COLMAR, France -- At least two Tour de France riders were hit by pellets from a BB gun or similar weapon as they labored behind the main peloton near the finish of Friday's Stage 13. Neither was seriously hurt, but the incident again illustrated the perils of conducting one of the world's largest sporting events on the open road.
Julian Dean of New Zealand, a sprinter who rides for the Colorado-based Garmin-Slipstream team, and Oscar Freire, a Spanish sprinter for the Dutch Rabobank team, were hit on the descent of a mountain in the Vosges late in the challenging 124.2-mile stage, which unfolded in cold, heavy rain and fog. Rabobank team doctors later removed what they believed to be a lead pellet from Freire's thigh. A pellet glanced off Dean's right index finger, causing some bruising and bleeding.
Tour spokesman Christophe Marchadier said the race organization had asked police to investigate the incident. Both teams said they would cooperate.
Garmin director Matt White, who rode professionally for 10 years, said he and his riders know there's probably no way to reconstruct what happened or to prevent it from happening again. "Good luck finding someone in that crowd," he said. "It's bloody ridiculous for that to happen, but it's 21 days and millions of people. Everyone knows how much of a circus the Tour de France is. You can't control it."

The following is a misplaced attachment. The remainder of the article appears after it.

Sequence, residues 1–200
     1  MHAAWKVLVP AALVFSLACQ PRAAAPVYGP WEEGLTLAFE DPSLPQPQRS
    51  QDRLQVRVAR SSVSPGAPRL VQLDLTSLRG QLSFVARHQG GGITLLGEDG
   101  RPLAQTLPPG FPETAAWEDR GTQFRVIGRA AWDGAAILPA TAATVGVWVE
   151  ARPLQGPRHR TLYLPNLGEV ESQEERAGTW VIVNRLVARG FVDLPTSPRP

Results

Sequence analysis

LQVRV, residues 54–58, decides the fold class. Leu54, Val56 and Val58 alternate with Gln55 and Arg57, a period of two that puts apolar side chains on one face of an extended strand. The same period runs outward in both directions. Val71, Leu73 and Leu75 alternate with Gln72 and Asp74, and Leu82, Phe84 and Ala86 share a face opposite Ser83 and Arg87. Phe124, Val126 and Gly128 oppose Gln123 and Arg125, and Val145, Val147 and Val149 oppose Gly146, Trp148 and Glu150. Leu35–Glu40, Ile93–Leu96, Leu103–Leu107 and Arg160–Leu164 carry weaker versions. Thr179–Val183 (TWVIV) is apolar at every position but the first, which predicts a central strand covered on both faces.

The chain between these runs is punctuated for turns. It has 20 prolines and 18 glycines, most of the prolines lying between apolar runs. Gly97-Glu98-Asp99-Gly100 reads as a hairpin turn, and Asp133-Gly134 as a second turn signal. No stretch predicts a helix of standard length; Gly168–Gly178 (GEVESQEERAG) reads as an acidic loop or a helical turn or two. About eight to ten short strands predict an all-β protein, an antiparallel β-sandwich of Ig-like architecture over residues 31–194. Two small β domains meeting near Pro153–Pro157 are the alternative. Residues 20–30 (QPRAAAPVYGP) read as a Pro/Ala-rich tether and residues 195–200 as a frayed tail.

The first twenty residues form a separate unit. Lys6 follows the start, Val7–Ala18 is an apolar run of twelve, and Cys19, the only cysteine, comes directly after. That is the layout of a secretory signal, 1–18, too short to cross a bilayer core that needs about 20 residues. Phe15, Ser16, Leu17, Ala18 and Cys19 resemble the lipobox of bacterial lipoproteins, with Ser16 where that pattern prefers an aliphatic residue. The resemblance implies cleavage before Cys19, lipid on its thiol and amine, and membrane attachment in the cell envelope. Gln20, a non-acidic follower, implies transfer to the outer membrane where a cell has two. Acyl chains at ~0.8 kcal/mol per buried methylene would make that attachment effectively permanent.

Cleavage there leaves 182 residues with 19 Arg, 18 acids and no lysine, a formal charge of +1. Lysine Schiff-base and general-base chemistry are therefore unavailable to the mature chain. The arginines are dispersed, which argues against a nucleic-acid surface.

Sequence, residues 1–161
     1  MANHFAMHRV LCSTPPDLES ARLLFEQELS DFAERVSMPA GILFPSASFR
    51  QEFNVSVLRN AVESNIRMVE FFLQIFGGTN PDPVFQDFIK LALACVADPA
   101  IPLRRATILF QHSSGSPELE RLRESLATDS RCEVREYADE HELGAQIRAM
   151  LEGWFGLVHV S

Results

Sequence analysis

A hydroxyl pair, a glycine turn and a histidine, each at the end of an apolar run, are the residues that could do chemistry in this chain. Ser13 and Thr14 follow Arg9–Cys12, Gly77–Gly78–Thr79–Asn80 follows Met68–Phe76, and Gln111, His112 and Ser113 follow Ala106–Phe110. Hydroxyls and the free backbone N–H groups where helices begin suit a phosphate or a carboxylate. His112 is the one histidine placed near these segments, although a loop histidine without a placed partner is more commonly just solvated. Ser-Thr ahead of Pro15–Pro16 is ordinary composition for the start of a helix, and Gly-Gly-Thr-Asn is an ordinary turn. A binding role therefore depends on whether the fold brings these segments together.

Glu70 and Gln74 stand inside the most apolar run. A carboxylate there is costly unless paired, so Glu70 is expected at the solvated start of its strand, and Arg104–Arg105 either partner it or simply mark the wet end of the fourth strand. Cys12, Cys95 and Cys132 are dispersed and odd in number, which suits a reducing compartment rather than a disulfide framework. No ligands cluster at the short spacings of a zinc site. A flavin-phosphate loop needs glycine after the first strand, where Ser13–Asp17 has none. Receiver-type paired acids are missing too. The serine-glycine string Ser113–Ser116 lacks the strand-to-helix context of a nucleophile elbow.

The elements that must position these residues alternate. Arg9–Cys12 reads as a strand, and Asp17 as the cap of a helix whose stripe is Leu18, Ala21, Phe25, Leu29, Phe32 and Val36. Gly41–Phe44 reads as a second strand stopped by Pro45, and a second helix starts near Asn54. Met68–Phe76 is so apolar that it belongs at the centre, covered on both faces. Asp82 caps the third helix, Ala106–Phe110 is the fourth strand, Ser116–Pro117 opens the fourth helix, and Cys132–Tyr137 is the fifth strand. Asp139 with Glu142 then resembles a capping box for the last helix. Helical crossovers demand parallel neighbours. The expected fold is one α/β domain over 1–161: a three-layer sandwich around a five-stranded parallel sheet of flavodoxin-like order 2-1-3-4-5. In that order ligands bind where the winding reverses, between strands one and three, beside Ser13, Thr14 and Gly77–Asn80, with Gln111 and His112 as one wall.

Dean, 34, has recovered from numerous major injuries in a career devoted to the high-velocity art of the bunch sprint. He's assigned to lead out Garmin's young speedster Tyler Farrar at this Tour and has helped him to two second-place stage finishes. Freire, 33, won the green jersey accorded the Tour's top sprinter last year.
White said he was sure the riders weren't personally targeted and is confident both men will return to the start line without psychological distress. "Both Julian and Oscar take their lives in their hands every time they go up for a sprint," he said.
It's not unusual for spectators to interfere with riders in some way, but there have been remarkably few violent incidents in the Tour's 103-year history. Perhaps the most infamous occurred in 1975 when a fan punched five-time Tour winner Eddy Merckx of Belgium in the stomach.
Bonnie D. Ford covers tennis and Olympic sports for ESPN.com. Follow her Twitter feed here or reach her at email@example.com.